State media also chimed in to comment on Yang’s speech – the state-run People’s Daily calling it “biased”, the tabloid Global Times ordering her to apologise, and the official Xinhua news agency doing an hour-long lives stream to “fact check” Yang’s remarks about the air quality in Kunming.
— China Xinhua News (@XHNews) May 24, 2017
Amid all this, young online zealots known as xiaofenhong (little pink) started attacking Yang on Sina Weibo and even extended their online criticism to Facebook, which is blocked on the mainland. Yang has since disabled both her Weibo and Facebook accounts.
Su Zhiliang, head of the college of humanities and communities at Shanghai Normal University, said the government had kept a tight grip on patriotism through classes and textbooks, but he doubted embassies and consulates had much influence on the patriotism of the large numbers of overseas students.
“The best way for patriotic education, I think, is to focus on our problems and get things done,” he said. “For instance, if the smog issue remains the same, all Chinese would be unhappy, whether they stay or leave.”
Wang Huiyao, deputy head of the Western Returned Scholars Association, said he had not received any instructions on “patriotic education”.
Chinese foreign ministry spokesman Lu Kang told a regular press briefing on Wednesday that the government had not issued any guidance for overseas students on what they should or should not say.
China’s embassy in Washington did not respond to requests for comment, and neither did CSSA chapters at Columbia, Harvard and Maryland universities.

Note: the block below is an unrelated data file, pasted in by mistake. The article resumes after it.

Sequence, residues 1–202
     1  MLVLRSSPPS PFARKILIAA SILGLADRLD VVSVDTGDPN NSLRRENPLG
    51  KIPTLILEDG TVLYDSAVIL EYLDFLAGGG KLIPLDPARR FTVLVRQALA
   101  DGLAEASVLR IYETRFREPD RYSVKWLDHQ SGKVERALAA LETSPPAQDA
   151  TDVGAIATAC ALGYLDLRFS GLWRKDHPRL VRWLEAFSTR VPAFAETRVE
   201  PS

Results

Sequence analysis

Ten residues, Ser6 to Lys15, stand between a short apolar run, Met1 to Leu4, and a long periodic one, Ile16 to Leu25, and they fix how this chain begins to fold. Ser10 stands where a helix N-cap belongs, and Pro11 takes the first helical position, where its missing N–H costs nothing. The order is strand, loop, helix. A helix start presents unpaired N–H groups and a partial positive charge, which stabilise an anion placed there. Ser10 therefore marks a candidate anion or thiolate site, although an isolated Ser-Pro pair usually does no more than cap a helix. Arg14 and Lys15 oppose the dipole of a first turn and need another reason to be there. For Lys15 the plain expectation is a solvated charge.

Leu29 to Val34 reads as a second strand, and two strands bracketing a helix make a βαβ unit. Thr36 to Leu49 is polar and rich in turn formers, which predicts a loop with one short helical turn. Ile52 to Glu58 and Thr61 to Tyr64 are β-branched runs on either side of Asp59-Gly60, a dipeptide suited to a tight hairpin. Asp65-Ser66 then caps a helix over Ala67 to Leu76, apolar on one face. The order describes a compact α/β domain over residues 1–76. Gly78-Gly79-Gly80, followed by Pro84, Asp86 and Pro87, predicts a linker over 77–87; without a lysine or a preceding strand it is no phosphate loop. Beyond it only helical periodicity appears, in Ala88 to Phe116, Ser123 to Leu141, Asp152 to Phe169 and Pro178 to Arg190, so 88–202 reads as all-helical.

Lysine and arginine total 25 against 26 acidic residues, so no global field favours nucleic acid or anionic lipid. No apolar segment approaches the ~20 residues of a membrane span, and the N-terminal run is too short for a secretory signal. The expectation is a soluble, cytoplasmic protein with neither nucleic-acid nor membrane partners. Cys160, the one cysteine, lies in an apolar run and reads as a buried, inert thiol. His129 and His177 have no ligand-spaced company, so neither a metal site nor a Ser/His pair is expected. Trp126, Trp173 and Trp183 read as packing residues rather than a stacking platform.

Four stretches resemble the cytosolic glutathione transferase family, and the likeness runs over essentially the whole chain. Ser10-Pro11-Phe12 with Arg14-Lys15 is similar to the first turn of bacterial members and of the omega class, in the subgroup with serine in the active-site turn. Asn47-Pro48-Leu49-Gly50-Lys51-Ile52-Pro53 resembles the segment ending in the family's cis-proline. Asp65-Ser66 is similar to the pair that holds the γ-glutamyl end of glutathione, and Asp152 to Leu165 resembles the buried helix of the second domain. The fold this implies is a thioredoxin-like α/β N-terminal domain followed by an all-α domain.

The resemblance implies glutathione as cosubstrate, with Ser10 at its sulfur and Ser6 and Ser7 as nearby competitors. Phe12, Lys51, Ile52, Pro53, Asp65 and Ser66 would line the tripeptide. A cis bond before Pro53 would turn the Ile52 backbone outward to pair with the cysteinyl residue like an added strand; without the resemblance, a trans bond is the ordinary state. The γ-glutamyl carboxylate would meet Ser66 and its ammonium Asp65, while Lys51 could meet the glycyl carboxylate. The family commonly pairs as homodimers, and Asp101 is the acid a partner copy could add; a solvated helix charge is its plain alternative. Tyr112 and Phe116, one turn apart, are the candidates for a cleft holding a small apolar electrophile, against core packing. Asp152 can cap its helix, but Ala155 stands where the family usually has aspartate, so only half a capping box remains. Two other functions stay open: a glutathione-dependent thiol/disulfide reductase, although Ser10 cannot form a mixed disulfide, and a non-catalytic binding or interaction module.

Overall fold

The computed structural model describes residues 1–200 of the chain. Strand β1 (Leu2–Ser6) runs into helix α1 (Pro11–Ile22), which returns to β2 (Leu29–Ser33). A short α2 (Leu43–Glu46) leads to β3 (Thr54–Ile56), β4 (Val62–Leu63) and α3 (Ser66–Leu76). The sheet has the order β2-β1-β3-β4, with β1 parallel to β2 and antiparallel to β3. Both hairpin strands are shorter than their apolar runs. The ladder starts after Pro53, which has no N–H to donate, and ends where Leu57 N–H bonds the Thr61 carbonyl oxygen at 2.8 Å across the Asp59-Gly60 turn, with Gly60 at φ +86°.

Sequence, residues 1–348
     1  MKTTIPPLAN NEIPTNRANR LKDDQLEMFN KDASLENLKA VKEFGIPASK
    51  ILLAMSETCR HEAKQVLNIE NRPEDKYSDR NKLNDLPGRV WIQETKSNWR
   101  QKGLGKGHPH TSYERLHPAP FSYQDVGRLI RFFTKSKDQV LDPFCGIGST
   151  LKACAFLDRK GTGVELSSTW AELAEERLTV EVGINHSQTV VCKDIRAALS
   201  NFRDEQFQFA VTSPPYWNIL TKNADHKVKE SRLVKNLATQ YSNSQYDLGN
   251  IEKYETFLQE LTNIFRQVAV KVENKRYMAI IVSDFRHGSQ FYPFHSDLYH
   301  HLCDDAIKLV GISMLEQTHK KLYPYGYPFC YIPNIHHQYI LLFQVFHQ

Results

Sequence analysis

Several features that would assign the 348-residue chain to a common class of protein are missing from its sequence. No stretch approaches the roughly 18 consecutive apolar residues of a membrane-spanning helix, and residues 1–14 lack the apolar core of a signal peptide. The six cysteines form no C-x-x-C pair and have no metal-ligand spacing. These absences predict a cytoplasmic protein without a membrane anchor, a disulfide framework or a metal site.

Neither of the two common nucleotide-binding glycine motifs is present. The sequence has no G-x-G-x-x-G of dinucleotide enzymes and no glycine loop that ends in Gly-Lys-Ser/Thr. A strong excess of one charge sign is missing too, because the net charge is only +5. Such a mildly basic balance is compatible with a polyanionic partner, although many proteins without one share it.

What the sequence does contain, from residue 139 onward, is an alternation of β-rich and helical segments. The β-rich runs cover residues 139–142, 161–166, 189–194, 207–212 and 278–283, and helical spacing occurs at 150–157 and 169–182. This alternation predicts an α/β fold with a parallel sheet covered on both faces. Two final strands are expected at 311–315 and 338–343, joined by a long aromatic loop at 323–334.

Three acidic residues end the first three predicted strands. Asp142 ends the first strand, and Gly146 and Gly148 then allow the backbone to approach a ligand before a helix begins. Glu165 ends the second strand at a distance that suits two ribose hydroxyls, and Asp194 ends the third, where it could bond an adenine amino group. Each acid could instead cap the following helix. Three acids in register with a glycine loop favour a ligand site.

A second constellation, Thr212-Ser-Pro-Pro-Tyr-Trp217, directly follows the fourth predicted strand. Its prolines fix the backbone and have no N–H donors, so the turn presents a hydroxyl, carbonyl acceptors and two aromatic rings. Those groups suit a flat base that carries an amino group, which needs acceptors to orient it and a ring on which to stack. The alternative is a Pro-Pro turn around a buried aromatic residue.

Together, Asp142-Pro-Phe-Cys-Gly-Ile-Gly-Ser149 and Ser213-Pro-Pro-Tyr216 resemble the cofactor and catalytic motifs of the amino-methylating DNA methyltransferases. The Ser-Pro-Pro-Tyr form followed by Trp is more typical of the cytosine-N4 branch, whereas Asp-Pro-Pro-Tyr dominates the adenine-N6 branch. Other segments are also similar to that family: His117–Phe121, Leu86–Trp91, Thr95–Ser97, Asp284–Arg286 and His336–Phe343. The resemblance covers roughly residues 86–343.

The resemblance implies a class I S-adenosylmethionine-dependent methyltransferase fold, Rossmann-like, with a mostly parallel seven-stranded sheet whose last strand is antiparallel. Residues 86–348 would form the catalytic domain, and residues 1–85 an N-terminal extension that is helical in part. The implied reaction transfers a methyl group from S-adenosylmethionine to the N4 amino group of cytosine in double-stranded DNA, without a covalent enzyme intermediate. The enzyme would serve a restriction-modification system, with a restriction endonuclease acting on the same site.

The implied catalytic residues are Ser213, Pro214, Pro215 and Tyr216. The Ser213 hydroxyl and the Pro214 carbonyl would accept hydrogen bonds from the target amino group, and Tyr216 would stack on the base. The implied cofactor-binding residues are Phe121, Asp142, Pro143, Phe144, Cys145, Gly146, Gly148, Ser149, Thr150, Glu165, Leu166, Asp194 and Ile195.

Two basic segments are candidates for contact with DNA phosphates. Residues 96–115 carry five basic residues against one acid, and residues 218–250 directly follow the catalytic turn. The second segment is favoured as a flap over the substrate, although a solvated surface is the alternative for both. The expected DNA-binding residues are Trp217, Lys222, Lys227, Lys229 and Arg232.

While there is no conclusive evidence that Chinese students become more patriotic when studying overseas, a survey of 960 Chinese students at Purdue University – which enrols the third largest number of Chinese students in the US – found that 44 per cent saw China more positively after studying abroad, while 17 per cent viewed it more negatively.
Dai Simeng, a former exchange student at the University of Oklahoma, remembered feeling embarrassed when new classmates asked her why Facebook was blocked in China.
“After four years in the states, I recognised the issues and problems China has while being more proud of being a Chinese,” said Dai, who is now a data analyst in New York.
The furore over Yang’s speech may lead to greater self-censorship among Chinese students, Fish said, after they watched “this whole system [that] quickly sprang into effect to destroy this young woman”.
Leila Li, a Chinese student at Tufts University, said: “It is a pity that the spread of sensitive topics online is a phenomenon even more global than air. Before you speak, you have to be prepared to be a target.”
Zhang, the Dartmouth graduate, added: “In some sense, this is proving her point [that we don’t have freedom of speech in China]. You give a speech in a whole different country, 7,000 miles away and have a reaction back home like this and your life will be ruined. It’s ironic.”
Additional reporting by Sidney Leng